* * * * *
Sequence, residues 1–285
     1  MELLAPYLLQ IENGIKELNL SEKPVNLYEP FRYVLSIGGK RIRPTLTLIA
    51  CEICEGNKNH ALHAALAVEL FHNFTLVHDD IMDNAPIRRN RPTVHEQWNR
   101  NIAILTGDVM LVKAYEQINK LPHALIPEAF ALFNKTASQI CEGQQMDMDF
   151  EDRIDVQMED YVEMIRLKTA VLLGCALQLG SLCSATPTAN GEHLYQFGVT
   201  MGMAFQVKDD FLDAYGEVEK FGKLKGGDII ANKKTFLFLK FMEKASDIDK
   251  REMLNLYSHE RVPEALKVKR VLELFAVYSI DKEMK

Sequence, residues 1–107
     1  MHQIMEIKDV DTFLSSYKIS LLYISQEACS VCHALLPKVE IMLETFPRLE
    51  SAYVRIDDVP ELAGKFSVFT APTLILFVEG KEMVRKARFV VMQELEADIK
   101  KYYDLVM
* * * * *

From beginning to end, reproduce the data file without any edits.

Sequence, residues 1–285
     1  MELLAPYLLQ IENGIKELNL SEKPVNLYEP FRYVLSIGGK RIRPTLTLIA
    51  CEICEGNKNH ALHAALAVEL FHNFTLVHDD IMDNAPIRRN RPTVHEQWNR
   101  NIAILTGDVM LVKAYEQINK LPHALIPEAF ALFNKTASQI CEGQQMDMDF
   151  EDRIDVQMED YVEMIRLKTA VLLGCALQLG SLCSATPTAN GEHLYQFGVT
   201  MGMAFQVKDD FLDAYGEVEK FGKLKGGDII ANKKTFLFLK FMEKASDIDK
   251  REMLNLYSHE RVPEALKVKR VLELFAVYSI DKEMK

Sequence, residues 1–107
     1  MHQIMEIKDV DTFLSSYKIS LLYISQEACS VCHALLPKVE IMLETFPRLE
    51  SAYVRIDDVP ELAGKFSVFT APTLILFVEG KEMVRKARFV VMQELEADIK
   101  KYYDLVM